If you were to rank the best American Viticultural Areas (AVAs) in the United States, the Russian River Valley wine region would be near the top of the list. This California AVA located in Sonoma is tremendously well-respected among wine experts, who consider it one of the greatest regions in the world for growing complex Pinot Noir and Chardonnay. Unlike other regions of California, which tend to be hot and dry, the Russian River Valley is unusually cool and dense with fog. Many of the wines made here are acidic, elegant, and multilayered. These are luscious wines that every collector should experience at least once in a lifetime.
Our guide to the Russian River Valley wine region covers the finest wines from this AVA, including the subregions that grow the best grapes, the producers that craft the most complex wines, and the most age-worthy vintages for your collection. Discover what makes this region so beloved among serious wine enthusiasts.
Why Russian River Valley Grapes Are So Complex
The Russian River Valley wine region is ideally suited for growing some of the finest cool-weather grapes in the world. The AVA is located at the center of California’s Sonoma County, about eight miles inland from Sonoma’s Pacific coastline.
This region was named after the nearby Russian River, which runs through the northern part of the area. This close proximity to two different bodies of water gives the Russian River Valley wine region its famously cool, foggy climate. Ocean fog travels from the coast into the Russian River Valley through the Petaluma Gap (a famous valley in the coastal mountain range) and covers the hills in a thick blanket of mist for most of the day. Meanwhile, the Russian River and the many creeks that surround it keep the air consistently cool, even after the fog clears in the mid-afternoon.
These conditions are ideal for producing Pinot Noir and Chardonnay because these grapes taste more complex when they are able to ripen slowly on the vine. In hot, dry climates, wines made using these varieties are sometimes high in sugar but lack acidity and complexity. In the Russian River Valley wine region, Pinot Noir and Chardonnay taste both more austere and nuanced because the fog and chilly conditions slow down the ripening process. Some producers harvest their grapes as late as October or November to allow the fruit to ripen completely.
The Russian River Valley AVA is incredibly diverse and varied in climate.
Another unique quality of Russian River Valley wine is that grapes grown on the highest elevations are generally bolder and more fruit-forward in flavor than those grown on the shallower slopes. This is the opposite of most winegrowing regions, where higher elevations are usually ideal for growing cool weather grapes because temperatures are cooler on the uppermost hills. In the Russian River Valley, though, fog doesn’t always reach the tops of the hills, so the temperature is usually warmer. The highest hills are also exposed to more direct sunlight during the day, so the fruit tends to ripen faster. You’ll find high-quality Zinfandel and Syrah made from grapes grown at these elevations, such as 2012 Martinelli Hop Barn Hill Syrah and 2005 Martinelli Jackass Vineyard Zinfandel.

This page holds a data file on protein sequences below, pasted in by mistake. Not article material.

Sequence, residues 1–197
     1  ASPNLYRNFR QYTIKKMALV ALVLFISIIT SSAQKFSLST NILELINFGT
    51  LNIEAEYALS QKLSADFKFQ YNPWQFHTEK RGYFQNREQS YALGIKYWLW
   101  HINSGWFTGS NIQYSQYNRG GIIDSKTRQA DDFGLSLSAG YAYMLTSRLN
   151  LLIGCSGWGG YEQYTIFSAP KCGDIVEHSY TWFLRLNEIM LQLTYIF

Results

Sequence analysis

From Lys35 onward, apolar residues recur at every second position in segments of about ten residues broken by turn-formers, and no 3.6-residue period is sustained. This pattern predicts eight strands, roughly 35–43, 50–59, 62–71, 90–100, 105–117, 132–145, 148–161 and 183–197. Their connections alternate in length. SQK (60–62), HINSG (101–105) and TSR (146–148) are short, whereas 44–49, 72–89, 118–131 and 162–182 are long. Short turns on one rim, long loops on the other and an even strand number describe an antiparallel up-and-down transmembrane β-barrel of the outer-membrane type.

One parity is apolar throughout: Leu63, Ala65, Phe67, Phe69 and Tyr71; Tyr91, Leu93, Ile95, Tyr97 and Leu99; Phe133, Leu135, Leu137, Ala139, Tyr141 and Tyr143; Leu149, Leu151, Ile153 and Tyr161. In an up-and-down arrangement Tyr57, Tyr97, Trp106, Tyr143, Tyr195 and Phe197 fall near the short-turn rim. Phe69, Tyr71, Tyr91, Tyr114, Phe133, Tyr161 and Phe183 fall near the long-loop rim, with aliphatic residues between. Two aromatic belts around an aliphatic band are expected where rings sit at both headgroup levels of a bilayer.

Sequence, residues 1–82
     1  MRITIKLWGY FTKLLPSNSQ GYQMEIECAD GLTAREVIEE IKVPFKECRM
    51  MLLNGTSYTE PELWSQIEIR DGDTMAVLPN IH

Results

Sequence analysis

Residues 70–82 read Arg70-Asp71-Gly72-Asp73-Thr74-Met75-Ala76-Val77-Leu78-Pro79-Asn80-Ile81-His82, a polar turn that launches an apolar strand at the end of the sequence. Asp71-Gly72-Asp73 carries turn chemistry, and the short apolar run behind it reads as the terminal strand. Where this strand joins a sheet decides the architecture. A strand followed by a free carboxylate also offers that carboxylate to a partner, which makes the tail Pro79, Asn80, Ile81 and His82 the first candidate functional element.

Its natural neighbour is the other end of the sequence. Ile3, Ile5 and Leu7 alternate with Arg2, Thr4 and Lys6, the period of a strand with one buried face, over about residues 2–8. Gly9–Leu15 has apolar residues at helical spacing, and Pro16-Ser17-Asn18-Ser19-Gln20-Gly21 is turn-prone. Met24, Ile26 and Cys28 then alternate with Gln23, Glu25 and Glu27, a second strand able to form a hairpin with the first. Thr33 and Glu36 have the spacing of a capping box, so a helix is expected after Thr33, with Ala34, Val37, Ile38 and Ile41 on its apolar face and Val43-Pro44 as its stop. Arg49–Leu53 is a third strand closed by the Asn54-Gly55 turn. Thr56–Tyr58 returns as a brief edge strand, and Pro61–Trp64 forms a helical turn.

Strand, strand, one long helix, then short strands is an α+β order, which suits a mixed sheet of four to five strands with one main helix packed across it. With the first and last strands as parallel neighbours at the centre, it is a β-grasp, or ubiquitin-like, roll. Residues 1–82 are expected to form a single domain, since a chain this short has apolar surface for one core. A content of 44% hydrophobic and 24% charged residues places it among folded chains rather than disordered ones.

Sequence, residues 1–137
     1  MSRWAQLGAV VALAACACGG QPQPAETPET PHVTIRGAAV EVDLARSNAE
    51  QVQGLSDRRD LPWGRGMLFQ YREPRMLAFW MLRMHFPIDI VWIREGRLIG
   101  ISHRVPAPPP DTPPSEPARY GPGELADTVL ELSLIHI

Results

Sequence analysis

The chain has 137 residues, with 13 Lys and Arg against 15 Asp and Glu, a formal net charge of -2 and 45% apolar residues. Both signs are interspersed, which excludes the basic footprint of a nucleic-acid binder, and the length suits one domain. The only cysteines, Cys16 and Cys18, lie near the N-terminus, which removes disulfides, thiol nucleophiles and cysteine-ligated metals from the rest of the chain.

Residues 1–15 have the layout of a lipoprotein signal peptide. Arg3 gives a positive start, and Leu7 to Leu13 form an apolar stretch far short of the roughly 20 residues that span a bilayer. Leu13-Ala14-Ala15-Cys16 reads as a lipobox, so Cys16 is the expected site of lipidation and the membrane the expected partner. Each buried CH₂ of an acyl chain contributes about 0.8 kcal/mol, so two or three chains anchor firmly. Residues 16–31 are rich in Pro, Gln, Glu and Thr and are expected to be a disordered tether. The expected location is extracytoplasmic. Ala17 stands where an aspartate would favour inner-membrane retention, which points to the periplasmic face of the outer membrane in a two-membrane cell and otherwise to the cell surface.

While the Russian River Valley is, on the whole, cooler and foggier than other regions of California, this AVA is incredibly diverse and varied in climate. Some subregions of the AVA are known for producing very elegant and age-worthy wines whereas others tend to produce more approachable styles. To find the very best wines from the Russian River Valley wine region, you need to dive deeper into each individual subregion.
Notable Russian River Valley Subregions
The Russian River Valley wine region consists of five notable subregions.
This northernmost subregion is home to some of the oldest plantings of Pinot Noir grapes in the Russian River Valley. Light fog rolls into this region from the Russian River, yet this area as a whole is less foggy than some other subregions of the Russian River Valley. This means that temperatures are slightly warmer, and as such the wines are less acidic and have richer, more fruit-forward flavors. Pinot Noir from Middle Reach still isn’t as concentrated or high in sugar as wine made in warm California AVAs, but it is broader on the palate than most other Pinot Noir from the Russian River Valley.
Like its northern neighbor Middle Reach, Laguna Ridge is classified as a medium-cool subregion. This area is famous for its unique soil composition—a mix of Gold Ridge and Altamont soils. Gold Ridge soils are sandy and fine and drain water very effectively. Vineyards with a large amount of Gold Ridge soil tend to produce more concentrated Pinot Noir, as the grapes don’t retain a great deal of water. Altamont soils contain more clay, which holds water deep underground. In areas with a high concentration of Altamont soil, Pinot Noir is more vegetal and austere. The best vineyards in Laguna Ridge have a balance of Gold Ridge and Altamont soils, which encourages the fruit to develop both excellent concentration and moderate acidity. These wines are textured and full of dark fruit flavors, particularly blackberry.